January 5, 2024 | Flash Brief

Houthi Attacks on International Shipping Continue

January 5, 2024 | Flash Brief

Houthi Attacks on International Shipping Continue

Latest Developments

Iran-backed Houthi rebels in Yemen continue to attack commercial ships in the Red Sea, a U.S. military commander said on January 4. “There are no signs their irresponsible behavior is abating,” said U.S. Naval Forces Central Command (NAVCENT) Commander Vice Admiral Brad Cooper. The attacks persist despite the presence of a U.S.-led multilateral naval mission in the region.

The Houthis, who toppled Yemen’s internationally recognized government in 2014, have launched 25 attacks against commercial ships since November 18. On November 19, the Houthis seized the Bahamas-flagged cargo ship Galaxy Leader and continue to hold the vessel and 25 members of its crew hostage. Cooper said that 55 nations have direct connections to the ships the Houthis have attacked. The U.S. Navy and its partners have been forced to shoot down 19 drones and missiles in recent weeks. Despite the attacks, the United States has not responded with military force in Yemen, nor has the Biden administration moved to re-list the Houthis as a foreign terrorist organization.

Expert Analysis

“The administration deserves credit for building on the existing combined task force to create a multilateral operation that has helped more than 1,500 merchant vessels safely transit the Red Sea. But the administration’s reluctance to authorize U.S. military strikes on Houthi launchers, radars, and facilities enabling the attacks undermines U.S. force protection and invites more of the same.” — Bradley Bowman, Senior Director of FDD’s Center on Military and Political Power

“Effectively deterring Houthi attacks will take more than defensive measures such as escorts and shooting down incoming threats. The administration needs to stop fretting about how their actions will be perceived and impose costs on Houthis — hitting missile launch and stowage facilities, small boat and helicopter bases, and leadership nodes. Only by conducting deterrence through punishment will these attacks stop.” — RADM (Ret.) Mark Montgomery, Senior Director of FDD’s Center on Cyber and Technology and FDD Senior Fellow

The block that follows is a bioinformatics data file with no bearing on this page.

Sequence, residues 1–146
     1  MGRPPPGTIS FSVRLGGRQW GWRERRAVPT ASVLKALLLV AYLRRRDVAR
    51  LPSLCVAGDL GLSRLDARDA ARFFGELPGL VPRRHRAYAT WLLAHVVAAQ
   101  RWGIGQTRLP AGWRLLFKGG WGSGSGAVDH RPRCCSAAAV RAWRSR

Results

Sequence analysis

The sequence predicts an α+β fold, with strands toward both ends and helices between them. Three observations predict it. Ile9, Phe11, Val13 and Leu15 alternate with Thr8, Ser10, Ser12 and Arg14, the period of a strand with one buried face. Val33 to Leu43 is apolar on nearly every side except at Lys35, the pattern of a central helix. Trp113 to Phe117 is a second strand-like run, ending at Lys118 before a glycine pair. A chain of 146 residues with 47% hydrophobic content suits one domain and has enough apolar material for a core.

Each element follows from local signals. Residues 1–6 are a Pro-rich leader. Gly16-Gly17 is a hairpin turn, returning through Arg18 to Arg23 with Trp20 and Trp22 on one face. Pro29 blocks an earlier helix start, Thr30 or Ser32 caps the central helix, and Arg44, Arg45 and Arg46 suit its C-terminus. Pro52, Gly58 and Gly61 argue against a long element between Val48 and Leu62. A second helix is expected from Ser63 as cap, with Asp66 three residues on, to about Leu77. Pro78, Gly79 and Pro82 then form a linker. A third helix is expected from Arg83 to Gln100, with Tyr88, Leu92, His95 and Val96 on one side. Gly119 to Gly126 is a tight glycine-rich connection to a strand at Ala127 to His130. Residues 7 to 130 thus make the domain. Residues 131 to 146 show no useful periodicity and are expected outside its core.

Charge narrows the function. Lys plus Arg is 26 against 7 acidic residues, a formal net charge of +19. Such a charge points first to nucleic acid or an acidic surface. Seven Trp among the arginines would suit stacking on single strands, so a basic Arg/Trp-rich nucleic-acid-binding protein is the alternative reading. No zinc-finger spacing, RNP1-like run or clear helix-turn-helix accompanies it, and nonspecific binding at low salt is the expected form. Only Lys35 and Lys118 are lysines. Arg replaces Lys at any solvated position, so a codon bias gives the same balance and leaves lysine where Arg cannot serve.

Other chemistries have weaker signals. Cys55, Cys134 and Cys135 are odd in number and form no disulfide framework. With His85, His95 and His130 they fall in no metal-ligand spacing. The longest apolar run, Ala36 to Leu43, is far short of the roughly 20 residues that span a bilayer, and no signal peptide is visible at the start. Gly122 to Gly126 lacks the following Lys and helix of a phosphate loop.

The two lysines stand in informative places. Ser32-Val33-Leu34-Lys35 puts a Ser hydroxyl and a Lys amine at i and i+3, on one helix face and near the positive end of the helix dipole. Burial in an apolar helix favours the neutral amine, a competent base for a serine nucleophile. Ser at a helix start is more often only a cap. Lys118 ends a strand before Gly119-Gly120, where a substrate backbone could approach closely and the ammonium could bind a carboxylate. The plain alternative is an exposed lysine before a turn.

Operation Prosperity Guardian

U.S. Secretary of Defense Lloyd Austin announced the creation of Operation Prosperity Guardian during a visit to the Middle East on December 18. Cooper confirmed on January 4 that 22 countries are now contributing to the operation, with some supporting the mission discreetly. He said Greece and Denmark have announced they are willing to send ships to support the effort. Operation Prosperity Guardian is being run by the pre-existing Combined Task Force 153 (CTF 153), focusing on the Red Sea, the Gulf of Aden, and the Bab el-Mandeb Strait.

International Warning

The United States and a dozen other countries on January 3 warned the Houthis “against further attacks” in the Red Sea. “The Houthis will bear the responsibility of the consequences should they continue to threaten lives, the global economy, and free flow of commerce,” the multinational group said. They noted that “nearly 15 percent of global seaborne trade passes through the Red Sea, including 8 percent of global grain trade, 12 percent of seaborne-traded oil and 8 percent of the world’s liquefied natural gas trade.”

Houthis Continue Threats Despite New U.S.-Led Multilateral Red Sea Operation,” FDD Flash Brief

Expand existing task force to protect Red Sea from Houthi attacks,” by Bradley Bowman and Ryan Brobst

Tehran’s terror proxy in Yemen targets Israel and international shipping,” by Bradley Bowman and Ryan Brobst

Securing Contested Waters: A Conversation with NAVCENT Commander Vice Adm. Cooper,” FDD Event


Iran Iran Global Threat Network Iran-backed Terrorism Military and Political Power U.S. Defense Policy and Strategy